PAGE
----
Macy & MomHave you been trying to find funding for assistive technology such as a roll-in shower, a stair lift, or a modified van? Have you tried to apply for a financial loan in the past and been turned down?  IPAT’s new Assistive Technology Financial Loan (ATFL) program just might be what you’ve been looking for!

The ATFL provides;

  • Loan amounts from $500-$50,000,
  • Low interest rates, typically at 2% above money market rates,
  • Flexible Repayment Terms,
  • Individual consideration if there is a history of poor credit,
  • Loan counseling, and
  • Aid in loan paperwork completion.


Qualifications include:

  • The eligible applicant must be a person with a disability, their family member, or an approved representative;
  • The applicant must demonstrate the ability to repay the loan; and
  • The end-user of the AT loan must be a North Dakota resident.

Below are examples of potential applicants for the ATFL:

  • Example #1: Mr. Doe is an individual who was in a car accident several years ago. He has poor credit due to a history of major medical bills and inability to work, which resulted in a bankruptcy two years ago. He needs a new modified van, but cannot get a traditional bank loan. He can afford the monthly payment, as he now has a good paying job.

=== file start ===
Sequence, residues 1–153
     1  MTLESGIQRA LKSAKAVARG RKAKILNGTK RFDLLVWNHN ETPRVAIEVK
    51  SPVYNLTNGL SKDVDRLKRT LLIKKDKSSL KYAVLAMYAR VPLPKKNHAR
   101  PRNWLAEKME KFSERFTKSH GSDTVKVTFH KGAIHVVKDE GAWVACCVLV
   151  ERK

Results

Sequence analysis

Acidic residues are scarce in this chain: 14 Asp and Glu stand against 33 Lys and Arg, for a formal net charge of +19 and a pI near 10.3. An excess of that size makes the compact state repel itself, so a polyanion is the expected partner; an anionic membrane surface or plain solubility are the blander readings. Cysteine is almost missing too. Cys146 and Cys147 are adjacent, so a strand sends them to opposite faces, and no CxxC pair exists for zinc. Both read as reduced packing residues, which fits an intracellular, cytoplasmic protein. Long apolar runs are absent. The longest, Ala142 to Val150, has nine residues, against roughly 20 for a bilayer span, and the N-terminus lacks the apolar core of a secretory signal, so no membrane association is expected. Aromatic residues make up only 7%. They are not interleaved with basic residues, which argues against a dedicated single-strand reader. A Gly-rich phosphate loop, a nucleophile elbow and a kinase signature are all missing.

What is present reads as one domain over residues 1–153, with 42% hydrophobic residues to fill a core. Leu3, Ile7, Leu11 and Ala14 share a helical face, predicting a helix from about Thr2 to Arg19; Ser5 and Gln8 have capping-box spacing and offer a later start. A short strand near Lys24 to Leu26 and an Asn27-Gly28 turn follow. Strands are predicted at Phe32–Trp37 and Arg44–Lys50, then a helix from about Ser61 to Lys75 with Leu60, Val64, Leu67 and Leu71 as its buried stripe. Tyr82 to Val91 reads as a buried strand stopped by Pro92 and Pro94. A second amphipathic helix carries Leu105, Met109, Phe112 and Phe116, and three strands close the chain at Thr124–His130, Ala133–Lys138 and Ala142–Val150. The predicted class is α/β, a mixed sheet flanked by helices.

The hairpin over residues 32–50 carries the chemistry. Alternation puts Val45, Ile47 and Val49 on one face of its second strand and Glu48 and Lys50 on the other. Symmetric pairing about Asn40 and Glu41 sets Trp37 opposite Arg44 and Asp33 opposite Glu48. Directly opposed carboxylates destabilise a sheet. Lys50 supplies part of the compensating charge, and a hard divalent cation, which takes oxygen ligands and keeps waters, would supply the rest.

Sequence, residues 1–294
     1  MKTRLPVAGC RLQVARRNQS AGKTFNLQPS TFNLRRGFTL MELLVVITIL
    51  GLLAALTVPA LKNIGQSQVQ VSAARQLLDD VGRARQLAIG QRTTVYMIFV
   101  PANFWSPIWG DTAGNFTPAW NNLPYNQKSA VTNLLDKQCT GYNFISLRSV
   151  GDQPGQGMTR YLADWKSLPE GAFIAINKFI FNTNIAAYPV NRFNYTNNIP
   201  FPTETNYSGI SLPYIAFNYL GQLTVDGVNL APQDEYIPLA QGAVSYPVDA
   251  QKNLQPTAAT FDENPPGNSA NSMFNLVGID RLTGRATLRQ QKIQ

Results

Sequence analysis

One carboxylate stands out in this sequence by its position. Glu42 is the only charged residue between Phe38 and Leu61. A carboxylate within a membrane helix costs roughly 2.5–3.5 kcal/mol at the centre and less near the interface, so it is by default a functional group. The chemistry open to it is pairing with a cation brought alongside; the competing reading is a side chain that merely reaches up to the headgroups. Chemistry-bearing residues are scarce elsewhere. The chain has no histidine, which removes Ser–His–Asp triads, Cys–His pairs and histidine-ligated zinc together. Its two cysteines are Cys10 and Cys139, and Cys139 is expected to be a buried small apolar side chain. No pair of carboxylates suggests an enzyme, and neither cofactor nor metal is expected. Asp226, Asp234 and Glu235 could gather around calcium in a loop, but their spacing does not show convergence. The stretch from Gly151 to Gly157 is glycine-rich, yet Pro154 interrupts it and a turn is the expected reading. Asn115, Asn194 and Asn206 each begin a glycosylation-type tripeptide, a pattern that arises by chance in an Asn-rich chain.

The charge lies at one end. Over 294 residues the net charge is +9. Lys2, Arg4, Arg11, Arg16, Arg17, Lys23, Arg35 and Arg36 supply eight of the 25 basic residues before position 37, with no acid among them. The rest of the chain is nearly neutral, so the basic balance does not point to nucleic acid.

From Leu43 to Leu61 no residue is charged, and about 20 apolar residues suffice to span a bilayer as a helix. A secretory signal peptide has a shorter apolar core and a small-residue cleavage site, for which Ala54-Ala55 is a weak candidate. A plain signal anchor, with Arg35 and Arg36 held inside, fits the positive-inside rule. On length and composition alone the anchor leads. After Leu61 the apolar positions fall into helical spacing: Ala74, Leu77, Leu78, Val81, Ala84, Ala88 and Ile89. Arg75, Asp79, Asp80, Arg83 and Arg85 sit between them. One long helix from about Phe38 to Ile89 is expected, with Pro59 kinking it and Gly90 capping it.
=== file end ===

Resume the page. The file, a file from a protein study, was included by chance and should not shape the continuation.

• Example #2: Ms. Jones is an individual with Multiple Sclerosis, who does not work, but would like to get a computer with voice recognition software and a wheelchair mount. Her only source of revenue is Social Security Disability Income. Although she does not qualify for a traditional bank loan, she can afford a monthly payment.

Find out more about this program and how it might help you, by calling 1-800-895-4728 or going to our website. For those living elsewhere in the US, check out your state’s AT alternative financial loan program.

About Author

Jeannie Krull is the Program Director for ND Assistive (formerly IPAT). She is an ASHA certified speech/language pathologist and a RESNA certified Assistive Technology Professional, who has worked with people with disabilities of all ages since 1991.